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Free agent CB Trae Waynes "considers himself retired"


TheKillerNacho

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https://www.dailynorseman.com/2022/6/20/23175733/trae-waynes-retiring-minnesota-vikings-cincinnati-bengals

This is probably as close to an official announcement of his retirement as we're going to get for most players:

Multiple teams have actually called, but in my head I’m done. I’m not officially doing it, I’d say, just because I don’t do that ****. I’m retired, but it’s not like I announced it or anything.

Assuming this is actually the end for Waynes, he ends his career with 259 tackles, seven interceptions, a sack, two forced fumbles, and a fumble recovery in 74 regular season games.

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He retired about 2 hours after signing here with the Bengals over two years ago.  During the COVID lockdown, he couldn't sign the deal agreed upon.  His agent advised him not to work out, so that injury wouldn't keep the signing from happening.  So what happened?  he signs, then tears a opec trying to "catch up" to everyone else.  Only played a handful of snaps in maybe 5 games and was ultimately released. While the injuries were unfortunate, it never came close to working out.

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15 minutes ago, INbengalfan said:

He retired about 2 hours after signing here with the Bengals over two years ago.  During the COVID lockdown, he couldn't sign the deal agreed upon.  His agent advised him not to work out, so that injury wouldn't keep the signing from happening.  So what happened?  he signs, then tears a opec trying to "catch up" to everyone else.  Only played a handful of snaps in maybe 5 games and was ultimately released. While the injuries were unfortunate, it never came close to working out.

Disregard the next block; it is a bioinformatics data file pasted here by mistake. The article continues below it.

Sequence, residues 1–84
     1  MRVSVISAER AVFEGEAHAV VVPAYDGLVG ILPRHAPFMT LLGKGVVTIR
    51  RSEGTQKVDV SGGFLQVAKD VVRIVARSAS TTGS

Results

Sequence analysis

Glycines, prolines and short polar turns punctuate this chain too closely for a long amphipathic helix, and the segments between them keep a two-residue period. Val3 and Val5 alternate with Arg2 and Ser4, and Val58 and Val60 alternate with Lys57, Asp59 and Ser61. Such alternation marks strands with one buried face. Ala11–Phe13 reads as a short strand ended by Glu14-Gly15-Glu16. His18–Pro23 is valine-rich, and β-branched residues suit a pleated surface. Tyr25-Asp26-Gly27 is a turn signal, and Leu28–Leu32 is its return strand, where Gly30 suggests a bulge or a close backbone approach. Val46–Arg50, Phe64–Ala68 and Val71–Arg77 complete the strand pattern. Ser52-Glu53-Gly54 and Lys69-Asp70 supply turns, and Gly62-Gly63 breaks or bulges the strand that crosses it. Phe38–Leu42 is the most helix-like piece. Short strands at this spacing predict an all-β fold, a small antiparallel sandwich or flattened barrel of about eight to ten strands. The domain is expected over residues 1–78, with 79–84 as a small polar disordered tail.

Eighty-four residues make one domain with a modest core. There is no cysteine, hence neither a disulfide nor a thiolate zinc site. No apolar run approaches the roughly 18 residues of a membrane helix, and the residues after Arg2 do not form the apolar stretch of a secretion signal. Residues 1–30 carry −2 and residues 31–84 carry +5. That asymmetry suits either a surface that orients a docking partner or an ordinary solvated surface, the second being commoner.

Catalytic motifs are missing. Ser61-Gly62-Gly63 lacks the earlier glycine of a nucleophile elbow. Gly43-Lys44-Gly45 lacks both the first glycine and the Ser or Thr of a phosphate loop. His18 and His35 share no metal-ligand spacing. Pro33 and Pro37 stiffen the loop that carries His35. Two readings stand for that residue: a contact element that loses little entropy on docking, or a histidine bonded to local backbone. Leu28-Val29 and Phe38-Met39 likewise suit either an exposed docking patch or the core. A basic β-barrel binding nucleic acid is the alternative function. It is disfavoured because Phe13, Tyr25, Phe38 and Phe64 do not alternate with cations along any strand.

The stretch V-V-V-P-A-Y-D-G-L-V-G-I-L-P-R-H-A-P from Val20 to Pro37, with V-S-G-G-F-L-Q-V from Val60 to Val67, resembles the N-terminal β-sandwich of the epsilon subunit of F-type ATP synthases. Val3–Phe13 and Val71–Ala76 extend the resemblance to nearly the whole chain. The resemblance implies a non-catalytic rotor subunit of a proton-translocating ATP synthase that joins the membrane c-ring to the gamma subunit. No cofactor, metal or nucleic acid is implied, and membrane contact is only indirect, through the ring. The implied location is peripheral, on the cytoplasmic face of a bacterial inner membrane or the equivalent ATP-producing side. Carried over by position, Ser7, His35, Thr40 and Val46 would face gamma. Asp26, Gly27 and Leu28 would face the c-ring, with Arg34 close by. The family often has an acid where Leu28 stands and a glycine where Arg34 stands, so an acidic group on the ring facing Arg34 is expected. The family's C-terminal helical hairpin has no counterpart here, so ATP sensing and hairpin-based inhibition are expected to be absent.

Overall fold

yep.. he didn't do a damn thing for the Bengals.

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People tend to focus on the busts, but IMO Waynes (and players of his caliber) is a big argument for trading a first rounder for a proven commodity. The odds of drafting a bust are high. The odds of drafting a mediocre player are high. The odds of drafting a player better than that proven commodity are very, very low.

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16 hours ago, FrantikRam said:

People tend to focus on the busts, but IMO Waynes (and players of his caliber) is a big argument for trading a first rounder for a proven commodity. The odds of drafting a bust are high. The odds of drafting a mediocre player are high. The odds of drafting a player better than that proven commodity are very, very low.

I wouldn’t call Waynes a bust but was certainly not worth the 11th pick. It took him awhile to supplant Terence Newman as a starter but that was more of a Zimmer thing and playing veteran CBs and when Waynes did start, he gradually improved. Probably was never more than a high end #2 at best. MN simply couldn’t afford him, that was back when they had to pay guys like Diggs, Hunter, Barr, Rhodes and Smith so it simply didn’t work out for Mn long term and he was an obvious disappointment with the Bengals. 

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8 hours ago, vikingsrule said:

I wouldn’t call Waynes a bust but was certainly not worth the 11th pick. It took him awhile to supplant Terence Newman as a starter but that was more of a Zimmer thing and playing veteran CBs and when Waynes did start, he gradually improved. Probably was never more than a high end #2 at best. MN simply couldn’t afford him, that was back when they had to pay guys like Diggs, Hunter, Barr, Rhodes and Smith so it simply didn’t work out for Mn long term and he was an obvious disappointment with the Bengals.